1911 Encyclopædia Britannica/Repin, Ilja Jefimovich
REPIN, ILJA JEFIMOVICH (1844–), Russian painter, was born in 1844 at Tschuguev in the department of Charkov, the son of parents in straitened circumstances. He learned the rudiments of art under a painter of saints named Bunakov, for three years gaining his living at this humble craft. In 1863 he obtained a studentship at the Academy of Fine Arts of St Petersburg, where he remained for six years, winning the gold medal and a travelling scholarship which enabled him to visit France and Italy. He returned to Russia after a short absence, and devoted himself exclusively to subjects having strong national characteristics. In 1894 he became professor of historical painting at the St Petersburg Academy. Repin's paintings are powerfully drawn, with not a little imagination and with strong dramatic force and characterization. A brilliant colourist, and a portrait-painter of the first rank, he also became known as a sculptor and etcher of ability. His chief pictures are “Procession in the Government of Kiev,” “Home-coming,” “The Arrest,” “Ivan the Terrible's murder of his Son,” and, best known of all, “The Reply of the Cossacks to Sultan Mahmoud IV.” The portraits of the Baroness V. I. Ülskül, of Anton Rubinstein and of Count Leo Tolstoy are among his best achievements in this class. The Tretiakov gallery at Moscow contains a very large collection of his work.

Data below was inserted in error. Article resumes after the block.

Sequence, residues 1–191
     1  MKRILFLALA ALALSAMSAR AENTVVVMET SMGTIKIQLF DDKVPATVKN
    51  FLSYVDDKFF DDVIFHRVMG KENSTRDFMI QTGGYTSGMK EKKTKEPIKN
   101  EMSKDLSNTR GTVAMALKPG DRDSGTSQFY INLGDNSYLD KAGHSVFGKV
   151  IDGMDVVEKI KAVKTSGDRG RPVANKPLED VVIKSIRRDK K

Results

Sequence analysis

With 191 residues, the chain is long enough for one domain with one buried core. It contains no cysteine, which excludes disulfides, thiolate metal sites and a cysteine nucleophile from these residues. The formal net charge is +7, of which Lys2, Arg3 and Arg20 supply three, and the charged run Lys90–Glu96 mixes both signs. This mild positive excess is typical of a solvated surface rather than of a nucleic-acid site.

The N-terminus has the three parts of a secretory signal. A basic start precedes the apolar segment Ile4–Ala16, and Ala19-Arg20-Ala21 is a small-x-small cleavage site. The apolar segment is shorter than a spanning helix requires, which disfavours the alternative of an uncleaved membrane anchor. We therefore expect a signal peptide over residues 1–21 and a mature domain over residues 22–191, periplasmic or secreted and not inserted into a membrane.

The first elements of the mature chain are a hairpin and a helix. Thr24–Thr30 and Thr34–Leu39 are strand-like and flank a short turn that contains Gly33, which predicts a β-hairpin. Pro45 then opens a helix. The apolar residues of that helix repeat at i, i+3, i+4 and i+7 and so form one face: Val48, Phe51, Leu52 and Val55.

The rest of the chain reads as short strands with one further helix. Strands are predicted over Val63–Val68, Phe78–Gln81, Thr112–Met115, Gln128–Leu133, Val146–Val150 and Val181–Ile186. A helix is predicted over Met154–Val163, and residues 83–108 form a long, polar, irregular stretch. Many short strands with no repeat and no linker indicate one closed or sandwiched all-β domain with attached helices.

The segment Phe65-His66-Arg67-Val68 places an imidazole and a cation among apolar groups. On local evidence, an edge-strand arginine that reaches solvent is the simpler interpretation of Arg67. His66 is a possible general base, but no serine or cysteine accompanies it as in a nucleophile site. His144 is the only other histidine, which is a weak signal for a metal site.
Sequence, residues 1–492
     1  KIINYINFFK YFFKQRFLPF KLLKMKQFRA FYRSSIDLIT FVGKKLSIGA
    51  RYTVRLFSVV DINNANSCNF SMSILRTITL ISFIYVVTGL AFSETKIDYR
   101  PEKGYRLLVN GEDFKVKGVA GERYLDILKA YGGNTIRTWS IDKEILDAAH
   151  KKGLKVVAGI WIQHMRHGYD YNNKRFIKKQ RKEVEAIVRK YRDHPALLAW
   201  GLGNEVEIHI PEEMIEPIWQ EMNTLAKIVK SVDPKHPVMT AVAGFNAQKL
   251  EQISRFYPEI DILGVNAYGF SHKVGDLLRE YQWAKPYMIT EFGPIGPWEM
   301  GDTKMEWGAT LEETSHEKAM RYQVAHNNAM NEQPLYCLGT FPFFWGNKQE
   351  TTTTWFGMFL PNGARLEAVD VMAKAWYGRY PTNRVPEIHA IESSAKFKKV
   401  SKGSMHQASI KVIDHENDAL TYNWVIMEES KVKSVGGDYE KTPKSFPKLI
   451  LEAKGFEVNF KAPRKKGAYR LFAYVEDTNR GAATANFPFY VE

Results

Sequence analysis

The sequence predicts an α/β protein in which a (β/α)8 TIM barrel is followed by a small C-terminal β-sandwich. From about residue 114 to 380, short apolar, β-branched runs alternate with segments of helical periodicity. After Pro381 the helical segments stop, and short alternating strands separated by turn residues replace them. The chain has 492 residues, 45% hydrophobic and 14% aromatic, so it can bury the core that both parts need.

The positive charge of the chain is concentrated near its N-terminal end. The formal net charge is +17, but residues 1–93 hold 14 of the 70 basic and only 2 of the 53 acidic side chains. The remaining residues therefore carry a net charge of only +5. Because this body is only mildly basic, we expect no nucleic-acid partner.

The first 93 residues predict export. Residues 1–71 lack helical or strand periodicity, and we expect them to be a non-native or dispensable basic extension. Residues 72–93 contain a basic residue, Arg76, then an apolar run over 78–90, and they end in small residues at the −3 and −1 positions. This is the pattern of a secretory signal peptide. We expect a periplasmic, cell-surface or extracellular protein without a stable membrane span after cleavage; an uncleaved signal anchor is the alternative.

See “Professor Repin,” by Prince Bojidar Karageorgevich, in the Magazine of Art, xxiii. p. 783 (1899); “Russian Art,” a paper by E. Brayley Hodgetts in the Proceedings of the Anglo-Russian Literary Society (5th of May 1896); “Ilja jefimovich Repin,” by Julius Norden, in Velhagen and Klasing's Monatshefte, xx. p. 1 (1905); also R. Muther, History of Modern Painting (ed. 1907), iv. 272.